What is ransomware and how do I protect my PC from WannaCry?
Windows suddenly doesn't see my second HDD (DRIVE_D).
Ran system restore
It's seen in BIOS
It's seen in Hardware Device Manager as operating correctly
I've replaced the ribbon cable
Double checked the jumper settings, it's still set to slave
In Disk Management, it's only seen as disk1 (D:), healthy, active(?), 56gb (it's actually 250gb), file type: blank, no label
Linux Knoppix used to see DRIVE_D, now it says it can't read the format (RAW)
Substituted another HDD as my primary master (DRIVE_C)...no difference
Windows Explorer sees it as local drive D (lost it's label) and when I click it, it asks if I want to format it
Ran Maxtor Hard Drive diagnostic disk...both HDD's are good
Ran Memcheck86...no errors
Disconnected optical drives
Checked for loose wires
Re-installed all drivers I could think of
Switched ribbon cables around
This is very strange especially since I've had no problems for 2 years. Then, you wake up one day and it's all gone. Not exactly reliable...
AMD ATHLON 2800
WINDOWS XP SP2
I now remember this happened to me once before with a brief power outage. The drive thinks it's now fat32. I did something before that simply allowed me to change it back to NTFS. I used the command prompt D: /FS:NTFS but it's starting at C:\Documents and Settings\me>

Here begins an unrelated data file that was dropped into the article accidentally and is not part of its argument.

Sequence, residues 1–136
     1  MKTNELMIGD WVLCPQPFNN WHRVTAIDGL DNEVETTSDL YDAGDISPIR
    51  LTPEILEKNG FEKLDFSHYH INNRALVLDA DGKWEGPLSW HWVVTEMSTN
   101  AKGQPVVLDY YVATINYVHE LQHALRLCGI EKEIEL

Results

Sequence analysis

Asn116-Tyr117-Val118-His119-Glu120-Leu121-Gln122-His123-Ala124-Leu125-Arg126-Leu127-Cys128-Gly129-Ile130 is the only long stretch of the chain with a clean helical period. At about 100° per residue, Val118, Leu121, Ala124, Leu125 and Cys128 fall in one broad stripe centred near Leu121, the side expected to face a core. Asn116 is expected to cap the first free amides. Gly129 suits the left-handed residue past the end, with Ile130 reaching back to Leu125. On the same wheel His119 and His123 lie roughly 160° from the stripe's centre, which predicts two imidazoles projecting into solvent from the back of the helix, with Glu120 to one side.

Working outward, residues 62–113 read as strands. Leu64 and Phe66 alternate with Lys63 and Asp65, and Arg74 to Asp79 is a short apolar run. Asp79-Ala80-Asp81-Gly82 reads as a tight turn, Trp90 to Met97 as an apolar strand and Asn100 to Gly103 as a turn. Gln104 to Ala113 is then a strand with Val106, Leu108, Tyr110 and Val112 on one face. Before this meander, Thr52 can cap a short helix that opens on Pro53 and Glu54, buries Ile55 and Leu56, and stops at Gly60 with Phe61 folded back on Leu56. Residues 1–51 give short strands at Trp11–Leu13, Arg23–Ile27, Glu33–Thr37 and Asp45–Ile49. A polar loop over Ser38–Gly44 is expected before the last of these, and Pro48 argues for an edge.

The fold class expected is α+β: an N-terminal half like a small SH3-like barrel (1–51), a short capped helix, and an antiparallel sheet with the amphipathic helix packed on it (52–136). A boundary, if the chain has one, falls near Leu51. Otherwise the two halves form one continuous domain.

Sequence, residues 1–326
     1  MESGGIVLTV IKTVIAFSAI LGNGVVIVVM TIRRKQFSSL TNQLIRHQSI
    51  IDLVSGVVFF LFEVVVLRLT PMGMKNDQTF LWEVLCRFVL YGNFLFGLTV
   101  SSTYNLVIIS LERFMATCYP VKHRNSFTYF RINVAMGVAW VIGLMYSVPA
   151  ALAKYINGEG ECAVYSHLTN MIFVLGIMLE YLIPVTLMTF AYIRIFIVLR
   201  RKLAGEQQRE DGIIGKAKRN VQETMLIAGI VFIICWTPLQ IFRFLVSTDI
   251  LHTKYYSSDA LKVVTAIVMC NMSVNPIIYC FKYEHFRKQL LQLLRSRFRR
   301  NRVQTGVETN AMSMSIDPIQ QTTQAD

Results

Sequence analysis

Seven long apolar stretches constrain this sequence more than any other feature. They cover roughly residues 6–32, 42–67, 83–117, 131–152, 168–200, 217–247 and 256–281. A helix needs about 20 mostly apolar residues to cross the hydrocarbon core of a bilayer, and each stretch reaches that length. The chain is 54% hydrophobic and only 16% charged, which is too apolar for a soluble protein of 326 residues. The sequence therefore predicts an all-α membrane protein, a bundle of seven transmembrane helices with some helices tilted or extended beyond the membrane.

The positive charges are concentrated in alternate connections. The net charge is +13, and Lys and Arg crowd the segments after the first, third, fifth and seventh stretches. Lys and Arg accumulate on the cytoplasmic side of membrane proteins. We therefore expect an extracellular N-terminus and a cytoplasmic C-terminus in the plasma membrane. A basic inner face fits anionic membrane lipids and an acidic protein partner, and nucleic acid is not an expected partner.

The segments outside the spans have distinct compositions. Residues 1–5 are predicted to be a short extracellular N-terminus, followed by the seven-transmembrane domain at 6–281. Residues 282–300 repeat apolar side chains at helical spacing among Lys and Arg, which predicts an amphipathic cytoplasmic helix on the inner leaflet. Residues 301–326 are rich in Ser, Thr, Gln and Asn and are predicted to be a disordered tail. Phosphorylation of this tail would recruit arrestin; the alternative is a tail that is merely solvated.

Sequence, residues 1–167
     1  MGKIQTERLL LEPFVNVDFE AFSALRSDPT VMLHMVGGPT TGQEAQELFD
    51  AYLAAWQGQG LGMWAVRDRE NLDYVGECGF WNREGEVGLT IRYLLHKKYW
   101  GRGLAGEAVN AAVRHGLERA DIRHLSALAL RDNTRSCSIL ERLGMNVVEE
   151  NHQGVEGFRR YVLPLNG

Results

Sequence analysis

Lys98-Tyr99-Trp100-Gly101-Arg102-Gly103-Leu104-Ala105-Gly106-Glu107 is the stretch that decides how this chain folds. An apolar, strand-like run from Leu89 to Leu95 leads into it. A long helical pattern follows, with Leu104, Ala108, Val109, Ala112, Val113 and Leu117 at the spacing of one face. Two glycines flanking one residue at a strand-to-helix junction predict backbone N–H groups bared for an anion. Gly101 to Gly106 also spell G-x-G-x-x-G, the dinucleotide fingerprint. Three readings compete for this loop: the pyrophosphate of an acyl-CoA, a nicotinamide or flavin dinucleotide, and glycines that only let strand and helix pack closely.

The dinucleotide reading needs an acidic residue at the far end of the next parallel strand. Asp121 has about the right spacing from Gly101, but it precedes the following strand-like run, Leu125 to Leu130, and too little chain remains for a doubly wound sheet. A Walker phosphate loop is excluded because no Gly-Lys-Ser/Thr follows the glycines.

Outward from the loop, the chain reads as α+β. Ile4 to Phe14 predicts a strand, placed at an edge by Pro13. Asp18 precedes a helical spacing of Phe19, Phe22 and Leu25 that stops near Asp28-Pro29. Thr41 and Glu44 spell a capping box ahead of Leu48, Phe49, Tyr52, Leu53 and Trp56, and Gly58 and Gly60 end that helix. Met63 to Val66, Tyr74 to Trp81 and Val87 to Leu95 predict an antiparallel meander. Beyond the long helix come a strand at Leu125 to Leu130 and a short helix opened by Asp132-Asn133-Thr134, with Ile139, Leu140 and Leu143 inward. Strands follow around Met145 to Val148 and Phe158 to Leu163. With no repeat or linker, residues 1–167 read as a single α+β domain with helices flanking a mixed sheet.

Where did I goof?
I had a similar problem a while ago, but mine was intermittent, sometimes on boot it would see the second drive, other times it would not. I finally traced it to a loose connection in the power plug into the drive, used a 'spare' plug and problem was cured.
2nd HDD is showing RAW in Windows and only 58gb. This is a serious failure and I'd like to know just what would cause this. My Knoppix which actually worked the last time this happened now can't read the RAW. I'm trying different free aps I'm finding on the web as this is rare but documented. However, I'm wondering if somehow the master HDD affected the slave on the same ribbon. Is this possible? If it is, I should make them both masters and buy a card for my optical drives...seems like a huge hassle.
Further research reveals little as to the cause. As someone wrote, they just don't know what causes this to happen. Among the suspects include power outages/surges, viruses, video editing aps, etc.
However, I've since learned not to store a darn thing on HDD's. I'll be using HDD's of course to edit video but afterwards, be sending the finished production immediately to digital tape or data disks.
I've also learned that, thanks to HDD's failing all the time, there's a huge industry out there more than willing to help you recover lost data for a price.
Some pay utilities to help you recover from this blurp include NTFS Partition Recovery, Disk Doctor, R-Studio, and Partition Magic 8.01
Free utilities include Zero Assumption Recovery and Slax (Linux that runs in the cd tray).
This thread is now locked and can not be replied to.